Moreover, an unknown film comes to a festival, in order to be propelled beyond the festival. It wants to enter into distribution and the various exhibition outlets. According to Elsaesser, “films use the festival circuit as the muscle that pumps it through the larger system and in this way festivals increasingly act as interface and membrane.” Recent palm d or winner, Apichatpong Weerasethakul’s Thai film, Uncle Boonmee Who Can Recall His Past Lives for example, emphasizes upon the fact that a successful film at a festival may very well be invited to join the commercial system. Upon completing the production of Uncle Boonmee, the Asian filmmaker was at first, uncertain whether the film would even be released in his own home country but shortly after it’s premier in Cannes in 2010, the film got picked up for theatrical release by a number of distribution companies, including Strand Releasing (USA), Pyramide Distribution (France) and the Match Factory (Worldwide).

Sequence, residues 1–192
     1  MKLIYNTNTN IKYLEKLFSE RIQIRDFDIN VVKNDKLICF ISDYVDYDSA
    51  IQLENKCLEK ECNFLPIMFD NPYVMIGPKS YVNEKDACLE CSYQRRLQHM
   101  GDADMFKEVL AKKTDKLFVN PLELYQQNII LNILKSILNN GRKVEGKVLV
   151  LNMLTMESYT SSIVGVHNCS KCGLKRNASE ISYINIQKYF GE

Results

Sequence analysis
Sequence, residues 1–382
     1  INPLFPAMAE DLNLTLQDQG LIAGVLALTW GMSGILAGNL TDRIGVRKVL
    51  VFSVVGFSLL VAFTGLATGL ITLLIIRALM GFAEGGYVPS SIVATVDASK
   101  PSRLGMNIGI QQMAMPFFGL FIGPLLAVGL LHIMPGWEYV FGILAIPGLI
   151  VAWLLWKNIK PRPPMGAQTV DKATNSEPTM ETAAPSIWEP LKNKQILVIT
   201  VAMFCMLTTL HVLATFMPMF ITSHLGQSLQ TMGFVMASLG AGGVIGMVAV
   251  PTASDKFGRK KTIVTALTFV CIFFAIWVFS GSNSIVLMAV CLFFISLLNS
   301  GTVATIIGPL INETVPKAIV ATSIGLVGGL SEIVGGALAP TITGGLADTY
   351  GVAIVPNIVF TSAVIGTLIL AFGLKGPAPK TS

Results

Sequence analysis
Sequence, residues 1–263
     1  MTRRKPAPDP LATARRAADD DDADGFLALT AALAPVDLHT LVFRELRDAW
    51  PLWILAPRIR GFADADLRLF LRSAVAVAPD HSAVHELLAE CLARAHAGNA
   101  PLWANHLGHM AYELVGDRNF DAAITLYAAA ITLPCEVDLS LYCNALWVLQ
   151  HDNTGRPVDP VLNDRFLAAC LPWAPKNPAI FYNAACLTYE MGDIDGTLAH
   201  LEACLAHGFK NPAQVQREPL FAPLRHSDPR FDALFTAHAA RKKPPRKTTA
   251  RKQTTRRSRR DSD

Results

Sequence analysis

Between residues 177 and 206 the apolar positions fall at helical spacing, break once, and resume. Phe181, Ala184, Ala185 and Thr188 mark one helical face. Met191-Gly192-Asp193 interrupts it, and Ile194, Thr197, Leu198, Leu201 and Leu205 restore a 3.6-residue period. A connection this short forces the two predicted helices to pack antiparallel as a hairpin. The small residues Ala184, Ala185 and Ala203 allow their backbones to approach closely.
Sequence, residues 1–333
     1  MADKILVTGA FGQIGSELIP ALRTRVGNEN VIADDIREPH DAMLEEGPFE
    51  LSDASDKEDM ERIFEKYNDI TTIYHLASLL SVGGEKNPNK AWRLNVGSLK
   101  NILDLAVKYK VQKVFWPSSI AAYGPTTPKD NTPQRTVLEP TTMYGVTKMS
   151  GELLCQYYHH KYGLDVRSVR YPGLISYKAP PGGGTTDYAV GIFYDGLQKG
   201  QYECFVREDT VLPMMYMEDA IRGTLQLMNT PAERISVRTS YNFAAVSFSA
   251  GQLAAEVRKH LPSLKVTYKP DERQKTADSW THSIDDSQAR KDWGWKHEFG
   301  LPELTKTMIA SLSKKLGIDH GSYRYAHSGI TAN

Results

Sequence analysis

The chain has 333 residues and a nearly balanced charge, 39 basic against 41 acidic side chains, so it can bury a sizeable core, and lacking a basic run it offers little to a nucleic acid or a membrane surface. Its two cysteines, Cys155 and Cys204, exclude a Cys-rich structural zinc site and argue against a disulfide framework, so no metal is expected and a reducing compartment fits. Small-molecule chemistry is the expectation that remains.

For international filmmakers and national film industries that struggle to compete with Hollywood’s commercial hegemony, see “film festivals as a not-to-be missed opportunity to both earn money and promote their goods to the fullest extent.” Cultural theorist, Shohini Chaudhuri states that, ‘film festivals are important to considerations of “world cinema”, as they facilitate cultural exchange between different national cinemas and provide an alternative global distribution network for challenging, experimental and otherwise un-marketable films.’ Unlike a typical Hollywood studio product, which will usually have a distributor attached since inception, films from other countries, however, tend to heavily depend on festival participation as it secures them circulation beyond their original environment. German-Turkish director Faith Akin’s Gegen die Wand/Head On in 2004, for example, secured festival showings at more than one hundred international festivals and later on theatrical and DVD distribution deals for a wide range of territories, such as Germany, France, UK, Spain and Chile. Screening films globally in this manner enables audiences to experience world cinema that would otherwise never be shown in local venues.